the survivors. This can occur in the aftermath of an immediate
crisis, like a natural disaster or terrorist attack, as well as
during extended periods of stress and anxiety, like the war in Iraq.
Following are some suggestions to help caregivers maintain their own
well-being as they support the needs of children in their care. ROLE
OF THE CAREGIVER Crisis caregivers usually include emergency response
professionals, mental health providers, medical professionals, victim
assistance counselors, and faith leaders. They are trained to handle
exposure to images of destruction and loss and to assist victims or
survivors to cope with the impact of the event. They seek to help
individuals, schools, and communities reestablish a sense of balance
in a world that seems radically out of kilter with what they
previously knew. Preparation When caregivers go to the scene of an
event to help those affected, they should have formal training in
crisis response and only go into the situation if they are invited to
do so by major authorities in the affected area. Going into such a
setting without an invitation may be perceived as an intrusion or an
invasion of privacy. Teachers and administrators are key stabilizing
elements in the lives of children, but most have had no formal
training in mental health or crisis response and intervention.
Educators who lack the requisite skills need to be careful not to go
beyond their training because they run the risk of making a very
difficult situation worse. Education and Support Caregivers help to
educate survivors with accurate information and connect them to
available resources in their community, city, or state. They also
help survivors deal with feelings of guilt, helplessness, anger,
fear, and grief. While most individuals will not require intensive
services, caregivers sometimes are needed to provide ongoing support
to individuals who are feeling anxious, stressed, and/or fearful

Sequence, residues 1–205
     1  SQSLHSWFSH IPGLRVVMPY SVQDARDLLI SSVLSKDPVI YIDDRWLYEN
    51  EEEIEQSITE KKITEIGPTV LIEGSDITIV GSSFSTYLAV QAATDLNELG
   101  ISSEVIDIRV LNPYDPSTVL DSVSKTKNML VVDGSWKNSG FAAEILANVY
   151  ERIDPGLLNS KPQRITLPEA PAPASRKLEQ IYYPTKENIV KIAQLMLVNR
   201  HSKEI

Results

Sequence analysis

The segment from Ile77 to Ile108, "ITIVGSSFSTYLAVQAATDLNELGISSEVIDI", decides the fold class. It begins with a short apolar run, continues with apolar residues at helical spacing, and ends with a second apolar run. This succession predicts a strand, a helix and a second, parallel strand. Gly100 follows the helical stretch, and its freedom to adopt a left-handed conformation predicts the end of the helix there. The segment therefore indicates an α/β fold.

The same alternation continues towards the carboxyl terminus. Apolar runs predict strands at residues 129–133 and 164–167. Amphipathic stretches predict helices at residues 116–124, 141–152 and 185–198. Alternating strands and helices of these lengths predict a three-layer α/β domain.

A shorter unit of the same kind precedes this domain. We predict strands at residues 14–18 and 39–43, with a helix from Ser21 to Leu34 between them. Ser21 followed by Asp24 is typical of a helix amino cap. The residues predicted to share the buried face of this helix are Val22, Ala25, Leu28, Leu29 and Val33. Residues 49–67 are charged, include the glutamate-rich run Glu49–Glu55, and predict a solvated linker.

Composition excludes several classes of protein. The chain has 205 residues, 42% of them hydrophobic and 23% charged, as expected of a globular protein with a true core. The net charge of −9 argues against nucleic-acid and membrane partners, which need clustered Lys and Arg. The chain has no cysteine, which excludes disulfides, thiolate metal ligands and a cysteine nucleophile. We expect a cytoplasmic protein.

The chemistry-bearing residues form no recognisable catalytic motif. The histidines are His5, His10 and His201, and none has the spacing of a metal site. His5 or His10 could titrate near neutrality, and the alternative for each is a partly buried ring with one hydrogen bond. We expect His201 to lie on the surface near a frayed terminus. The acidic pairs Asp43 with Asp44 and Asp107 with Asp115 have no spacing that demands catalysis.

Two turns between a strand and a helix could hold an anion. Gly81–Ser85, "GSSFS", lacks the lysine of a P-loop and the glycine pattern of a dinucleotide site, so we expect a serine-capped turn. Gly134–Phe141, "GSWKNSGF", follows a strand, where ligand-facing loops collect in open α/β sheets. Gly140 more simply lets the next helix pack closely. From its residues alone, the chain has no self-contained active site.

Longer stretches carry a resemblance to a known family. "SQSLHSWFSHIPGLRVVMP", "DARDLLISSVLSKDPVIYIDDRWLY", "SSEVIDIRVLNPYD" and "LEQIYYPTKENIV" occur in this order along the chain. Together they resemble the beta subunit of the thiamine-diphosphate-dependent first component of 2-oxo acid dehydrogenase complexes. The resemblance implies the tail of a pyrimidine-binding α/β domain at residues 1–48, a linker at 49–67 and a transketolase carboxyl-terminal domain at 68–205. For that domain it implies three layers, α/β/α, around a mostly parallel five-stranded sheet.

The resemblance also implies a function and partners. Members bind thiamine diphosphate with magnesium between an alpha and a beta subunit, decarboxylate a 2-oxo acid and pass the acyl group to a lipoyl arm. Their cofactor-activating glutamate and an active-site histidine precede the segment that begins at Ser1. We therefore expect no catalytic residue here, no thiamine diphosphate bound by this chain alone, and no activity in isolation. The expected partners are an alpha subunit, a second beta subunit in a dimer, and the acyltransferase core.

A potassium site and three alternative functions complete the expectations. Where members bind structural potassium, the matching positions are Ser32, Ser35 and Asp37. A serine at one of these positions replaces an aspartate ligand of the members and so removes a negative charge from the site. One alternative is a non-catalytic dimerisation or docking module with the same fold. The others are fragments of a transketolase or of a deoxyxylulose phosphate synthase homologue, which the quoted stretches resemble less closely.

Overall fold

about the event and its impact on their future. Effective crisis
caregivers try to offer support and assistance in ways that maintain
the freedom of choice of the individual(s) in need, and they
coordinate their efforts with other crisis response activities.
Caregivers may also help frontline responders who may have
experienced the horror of death and destruction and the immediate
aftermath of an event. THE RISK AND SIGNS OF BURNOUT Caring for the
victims of crisis events is both physically and emotionally draining.
The sense of normalcy is disrupted, the services we all rely on may
not function, and the level of human need may be enormous. Need for
care may continue for an extended period of time, as in the September
2001 terrorist attacks or the
aftermath of school violence. Meeting this need can be particularly
difficult, since many crisis responders have other jobs from which
they are taking a leave of absence or are trying to conduct at the
same time. This is especially true for teachers, school mental health
professionals, and administrators who are trying to meet the needs of
students, staff members, and families while maintaining a normal
learning environment. Caregivers must understand their own
vulnerability to stress and recognize signs of burnout. Risk for
Burnout Caregivers must be aware of their own needs while at the same
time attending to the many needs of others. At the early stages of
crisis response, caregivers may have abundant energy and motivation.
Their cognitive functioning, training, and resilience make them
important assets to the children under their care. However, as a
crisis intervention continues, caregivers may find themselves
experiencing physical or psychological burnout. Images of violence,
despair, and hardship and/or continuous concern over possible danger
can contribute to feeling professionally isolated and depressed,
particularly if caregivers do not have the opportunity to process
their reactions. Successes may be ambiguous or few and far between.
In some cases, lack of sleep and limited opportunities for healthy
nourishment break down the capacity to cope effectively. Caregivers
can begin to feel more like victims than helpers. Additionally,
caregivers who have their own history of prior psychological trauma